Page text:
Mihalis Garudis does not act as a story teller in his tangible-metaphorical paintings. He pays meticulous attention to form, comparing what is represented to the real object, the past to the present, timelessness to transience, letting philosophical contemplation prevail over extreme expression.
The works featured in the exhibition are the ownership of the Sofia City Art Gallery, theNational Art Gallery, the Razgrad Art Gallery, the Strazhitsa Art Gallery, and private collectors.
Mihalis Garudis was born in1940 in the town of Didymóteicho, Greece. He studied painting in Prof. Iliya Petrov’s class at the Academy of Arts, Sofia, graduating in 1965. He has lived and worked in Thessaloniki, Greece since 1986. He works in the fields of monumental arts, painting, collage. His works are the ownership of a number of museums and private collectors in Bulgaria and abroad.
KONTAKT COLLECTION Works from the Kontakt Art collection Curators Maria Vassileva, Walter Seidl
22 October 2011 - 27 November 2011
The exhibition presents a significant part of Vienna’s “Kontakt” collection, which aims to collect some of the most important works, created in Central, Eastern and South-Eastern Europe, as well as to draw parallels between the various conceptual artistic practices, having developed since the 1960’s.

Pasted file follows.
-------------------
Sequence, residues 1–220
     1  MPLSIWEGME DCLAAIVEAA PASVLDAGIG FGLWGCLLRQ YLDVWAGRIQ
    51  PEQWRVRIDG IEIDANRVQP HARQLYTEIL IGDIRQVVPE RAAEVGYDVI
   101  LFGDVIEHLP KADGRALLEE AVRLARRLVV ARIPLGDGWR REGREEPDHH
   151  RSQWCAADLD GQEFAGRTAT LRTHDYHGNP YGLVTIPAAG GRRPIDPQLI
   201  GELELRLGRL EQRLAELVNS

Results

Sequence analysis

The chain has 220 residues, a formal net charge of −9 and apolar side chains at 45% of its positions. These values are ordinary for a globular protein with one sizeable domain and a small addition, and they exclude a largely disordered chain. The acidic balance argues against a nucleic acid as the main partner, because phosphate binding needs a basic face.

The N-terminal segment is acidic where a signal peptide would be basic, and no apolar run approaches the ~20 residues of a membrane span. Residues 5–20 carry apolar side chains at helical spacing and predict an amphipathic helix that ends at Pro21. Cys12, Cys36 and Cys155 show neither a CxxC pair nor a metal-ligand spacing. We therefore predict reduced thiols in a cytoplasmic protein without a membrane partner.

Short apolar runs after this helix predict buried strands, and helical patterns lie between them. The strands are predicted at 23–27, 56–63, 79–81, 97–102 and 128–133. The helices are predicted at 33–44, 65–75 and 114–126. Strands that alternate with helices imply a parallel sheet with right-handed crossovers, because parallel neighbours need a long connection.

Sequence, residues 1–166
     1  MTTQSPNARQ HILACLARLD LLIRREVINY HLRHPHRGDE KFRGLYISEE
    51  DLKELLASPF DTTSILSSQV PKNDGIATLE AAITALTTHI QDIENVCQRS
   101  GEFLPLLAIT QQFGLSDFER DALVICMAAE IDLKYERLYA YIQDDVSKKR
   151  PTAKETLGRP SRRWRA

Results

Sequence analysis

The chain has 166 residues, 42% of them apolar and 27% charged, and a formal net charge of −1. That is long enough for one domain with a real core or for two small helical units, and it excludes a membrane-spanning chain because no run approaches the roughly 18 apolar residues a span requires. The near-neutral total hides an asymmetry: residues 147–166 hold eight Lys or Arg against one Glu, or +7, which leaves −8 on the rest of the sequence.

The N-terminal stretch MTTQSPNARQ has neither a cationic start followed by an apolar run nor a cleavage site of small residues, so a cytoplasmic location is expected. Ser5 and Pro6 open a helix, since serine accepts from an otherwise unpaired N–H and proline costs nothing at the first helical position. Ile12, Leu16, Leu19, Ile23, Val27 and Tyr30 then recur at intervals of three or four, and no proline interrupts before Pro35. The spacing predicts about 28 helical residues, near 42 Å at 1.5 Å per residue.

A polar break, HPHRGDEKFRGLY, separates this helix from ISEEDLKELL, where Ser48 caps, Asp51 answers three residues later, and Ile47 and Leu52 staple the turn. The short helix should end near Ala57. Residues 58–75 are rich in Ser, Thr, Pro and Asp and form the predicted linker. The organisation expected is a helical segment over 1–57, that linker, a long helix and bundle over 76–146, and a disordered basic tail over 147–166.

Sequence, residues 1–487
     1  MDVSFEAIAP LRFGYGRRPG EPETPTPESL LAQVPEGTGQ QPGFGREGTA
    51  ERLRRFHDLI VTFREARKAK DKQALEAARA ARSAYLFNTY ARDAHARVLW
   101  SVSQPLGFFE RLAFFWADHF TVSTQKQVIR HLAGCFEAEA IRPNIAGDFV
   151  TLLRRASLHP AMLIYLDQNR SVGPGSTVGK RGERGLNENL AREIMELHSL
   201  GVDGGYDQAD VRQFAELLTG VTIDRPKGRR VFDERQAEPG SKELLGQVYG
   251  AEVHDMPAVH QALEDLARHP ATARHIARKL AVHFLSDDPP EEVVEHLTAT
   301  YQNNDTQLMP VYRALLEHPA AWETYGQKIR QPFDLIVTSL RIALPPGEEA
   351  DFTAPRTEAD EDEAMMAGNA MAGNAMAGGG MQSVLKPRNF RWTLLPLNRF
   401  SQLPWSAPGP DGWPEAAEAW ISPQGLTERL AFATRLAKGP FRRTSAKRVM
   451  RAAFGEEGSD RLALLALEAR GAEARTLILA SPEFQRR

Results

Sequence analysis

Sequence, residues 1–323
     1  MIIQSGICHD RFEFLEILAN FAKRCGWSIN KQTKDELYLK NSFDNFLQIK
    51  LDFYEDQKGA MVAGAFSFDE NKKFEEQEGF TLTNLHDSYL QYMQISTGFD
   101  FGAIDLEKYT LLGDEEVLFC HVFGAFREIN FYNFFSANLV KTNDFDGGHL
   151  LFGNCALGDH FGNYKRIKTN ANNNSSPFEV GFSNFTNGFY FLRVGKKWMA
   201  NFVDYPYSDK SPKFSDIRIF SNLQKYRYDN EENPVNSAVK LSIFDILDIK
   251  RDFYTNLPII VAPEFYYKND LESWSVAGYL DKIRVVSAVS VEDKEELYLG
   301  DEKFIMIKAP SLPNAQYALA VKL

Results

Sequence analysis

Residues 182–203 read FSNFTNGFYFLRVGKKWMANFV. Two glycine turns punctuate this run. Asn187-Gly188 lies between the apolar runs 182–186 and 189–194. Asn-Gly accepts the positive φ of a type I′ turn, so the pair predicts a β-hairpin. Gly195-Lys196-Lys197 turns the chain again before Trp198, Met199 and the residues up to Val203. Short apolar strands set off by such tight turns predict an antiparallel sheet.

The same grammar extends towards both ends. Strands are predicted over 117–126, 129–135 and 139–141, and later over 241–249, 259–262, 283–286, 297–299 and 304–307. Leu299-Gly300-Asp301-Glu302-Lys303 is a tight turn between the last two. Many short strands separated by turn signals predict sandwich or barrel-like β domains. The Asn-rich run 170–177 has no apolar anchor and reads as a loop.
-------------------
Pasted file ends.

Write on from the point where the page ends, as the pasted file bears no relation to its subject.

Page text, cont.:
“Kontakt” was founded at the end of 2004 as an association, represented by: BCR, Česká spořitelna, Erste Bank Croatia, Erste Bank Hungary, ERSTE Foundation, Erste Group, Slovenská sporiteľňa.
Contemporary artworks from countries with similar historical fate are presented in Bulgaria for the first time. The exhibition follows the development of video, performance, conceptual photography, object, installation, and action in Serbia, Bosnia, Herzegovina, Croatia, Slovakia, Slovenia, Hungary, Poland, the Czech Republic, Romania, and Bulgaria. The exhibition also features works by leading Austrian artists, as it was through Vienna that contact with the West was being made for many years.
The collection poses a variety of questions concerning both more distant and more recenthistory. It touches upon sensitive issues such as the darkest aspects of the communist past or the damages done by the war in former Yugoslavia. Yet, the red thread tying the works is the search and establishment of identity of one’s own – starting with making sense of modernist legacy, passing through inner opposition to the political status quo, to go on to introduce gender issues. The question “What is art?” (the title of a work by Raša Todosijević) acquires profound dimensions when viewed in light of the artists’ capacity to sense, analyze, comment upon and trigger situations, events and changes.